Golang transmit files over a net/http server to clients

July 24, 2016

In this example I'll show you how to send a file from a net/http listener to a client. 

Update: resume functionality!

Check the updated version of this post.

The example

The example starts a web-server at port 80, you can access it locally in your browser by "http://localhost/" or "127.0.01".

If you want to test the example put some dummy files in the same folder as the compiled binary. 

We send our request with a GET parameter in the URL, the key is 'file' and the value should be the file you want to download.


The code

Everything is explained in the comments.

package main
import (
func main() {
	fmt.Println("Starting http file sever")
	http.HandleFunc("/", HandleClient)
	err := http.ListenAndServe(":80", nil)
	if err != nil {
func HandleClient(writer http.ResponseWriter, request *http.Request) {
	//First of check if Get is set in the URL
	Filename := request.URL.Query().Get("file")
	if Filename == "" {
		//Get not set, send a 400 bad request
		http.Error(writer, "Get 'file' not specified in url.", 400)
	fmt.Println("Client requests: " + Filename)
	//Check if file exists and open
	Openfile, err := os.Open(Filename)
	defer Openfile.Close() //Close after function return
	if err != nil {
		//File not found, send 404
		http.Error(writer, "File not found.", 404)
	//File is found, create and send the correct headers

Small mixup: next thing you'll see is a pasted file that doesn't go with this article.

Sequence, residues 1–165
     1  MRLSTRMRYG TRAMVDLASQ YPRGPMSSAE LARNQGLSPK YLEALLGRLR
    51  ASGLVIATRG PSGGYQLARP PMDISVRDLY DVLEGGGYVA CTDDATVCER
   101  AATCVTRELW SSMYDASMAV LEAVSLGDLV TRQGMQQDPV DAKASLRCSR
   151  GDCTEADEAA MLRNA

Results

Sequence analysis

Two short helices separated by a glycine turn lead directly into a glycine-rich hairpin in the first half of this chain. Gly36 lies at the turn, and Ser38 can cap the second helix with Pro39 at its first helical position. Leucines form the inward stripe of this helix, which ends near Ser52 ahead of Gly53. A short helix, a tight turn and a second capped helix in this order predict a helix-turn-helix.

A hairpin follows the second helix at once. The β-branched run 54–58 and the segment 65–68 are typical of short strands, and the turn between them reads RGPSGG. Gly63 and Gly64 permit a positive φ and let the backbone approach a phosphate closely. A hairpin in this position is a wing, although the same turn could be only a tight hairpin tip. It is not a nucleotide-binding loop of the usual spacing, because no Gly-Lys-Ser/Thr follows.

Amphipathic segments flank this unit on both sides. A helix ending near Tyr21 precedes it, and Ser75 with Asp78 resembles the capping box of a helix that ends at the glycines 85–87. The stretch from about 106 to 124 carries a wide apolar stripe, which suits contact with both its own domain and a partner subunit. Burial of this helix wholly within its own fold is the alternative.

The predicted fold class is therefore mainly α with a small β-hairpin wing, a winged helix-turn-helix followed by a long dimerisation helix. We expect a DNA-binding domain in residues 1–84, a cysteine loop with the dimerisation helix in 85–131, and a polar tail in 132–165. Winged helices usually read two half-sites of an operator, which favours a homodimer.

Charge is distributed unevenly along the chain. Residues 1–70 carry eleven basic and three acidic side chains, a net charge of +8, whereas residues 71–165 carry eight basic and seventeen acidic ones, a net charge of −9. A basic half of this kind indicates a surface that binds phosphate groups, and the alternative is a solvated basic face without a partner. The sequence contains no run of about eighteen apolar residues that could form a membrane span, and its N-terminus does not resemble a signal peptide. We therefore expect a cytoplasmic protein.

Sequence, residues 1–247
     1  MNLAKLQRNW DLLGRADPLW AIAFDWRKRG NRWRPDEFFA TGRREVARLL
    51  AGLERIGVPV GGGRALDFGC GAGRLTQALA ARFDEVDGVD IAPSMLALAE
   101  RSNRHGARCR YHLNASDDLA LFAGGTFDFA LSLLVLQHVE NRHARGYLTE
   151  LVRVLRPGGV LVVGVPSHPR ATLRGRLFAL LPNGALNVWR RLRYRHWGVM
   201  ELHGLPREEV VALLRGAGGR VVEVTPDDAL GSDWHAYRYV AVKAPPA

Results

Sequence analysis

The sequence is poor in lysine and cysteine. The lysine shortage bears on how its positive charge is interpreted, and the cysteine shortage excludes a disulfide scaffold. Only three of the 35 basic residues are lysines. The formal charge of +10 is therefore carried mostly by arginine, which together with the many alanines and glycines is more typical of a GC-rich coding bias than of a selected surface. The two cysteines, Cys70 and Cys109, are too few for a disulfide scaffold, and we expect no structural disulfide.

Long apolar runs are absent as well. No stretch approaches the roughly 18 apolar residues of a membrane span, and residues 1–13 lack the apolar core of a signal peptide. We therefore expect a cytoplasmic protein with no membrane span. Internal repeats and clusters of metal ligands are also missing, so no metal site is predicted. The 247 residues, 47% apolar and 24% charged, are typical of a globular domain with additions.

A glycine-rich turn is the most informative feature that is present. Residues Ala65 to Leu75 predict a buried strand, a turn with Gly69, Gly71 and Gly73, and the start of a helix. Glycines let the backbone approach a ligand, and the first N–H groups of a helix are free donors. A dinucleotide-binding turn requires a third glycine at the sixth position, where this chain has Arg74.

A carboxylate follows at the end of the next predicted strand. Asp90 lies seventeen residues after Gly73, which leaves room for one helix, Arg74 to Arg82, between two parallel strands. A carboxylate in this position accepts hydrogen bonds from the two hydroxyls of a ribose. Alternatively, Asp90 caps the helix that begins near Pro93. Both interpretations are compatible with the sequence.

//Get the Content-Type of the file
	//Create a buffer to store the header of the file in
	FileHeader := make([]byte, 512)
	//Copy the headers into the FileHeader buffer
	//Get content type of file
	FileContentType := http.DetectContentType(FileHeader)
	//Get the file size
	FileStat, _ := Openfile.Stat()                     //Get info from file
	FileSize := strconv.FormatInt(FileStat.Size(), 10) //Get file size as a string
	//Send the headers
	writer.Header().Set("Content-Disposition", "attachment; filename="+Filename)
	writer.Header().Set("Content-Type", FileContentType)
	writer.Header().Set("Content-Length", FileSize)
	//Send the file
	//We read 512 bytes from the file already, so we reset the offset back to 0
	Openfile.Seek(0, 0)
	io.Copy(writer, Openfile) //'Copy' the file to the client

Do I have to send headers?

Yes, at the very least "Content-Disposition". In some older browsers if you don't specify a binary file as "attachment;" it will print out the binary content on the screen instead of saving it to the hard disk.

Specifying "attachment;" on an image or picture will make the browser download the file instead of showing it on the screen.

Also if you don't specify the "filename", chrome for example, would save the file as "download".

According the w3 HTTP protocol1 you must declare the "Content-Type".

Any HTTP/1.1 message containing an entity-body SHOULD include a Content-Type header field defining the media type of that body. If and only if the media type is not given by a Content-Type field, the recipient MAY attempt to guess the media type via inspection of its content and/or the name extension(s) of the URI used to identify the resource. If the media type remains unknown, the recipient SHOULD treat it as type "application/octet-stream".

If you don't pass the "Content-Length" header, the clients won't be able to see the progress of the download, and the browser will keep reading until the server closes connection, and in this case the browser wont be able to tell if the file was completely transmitted.

HTTP/1.1: Entity


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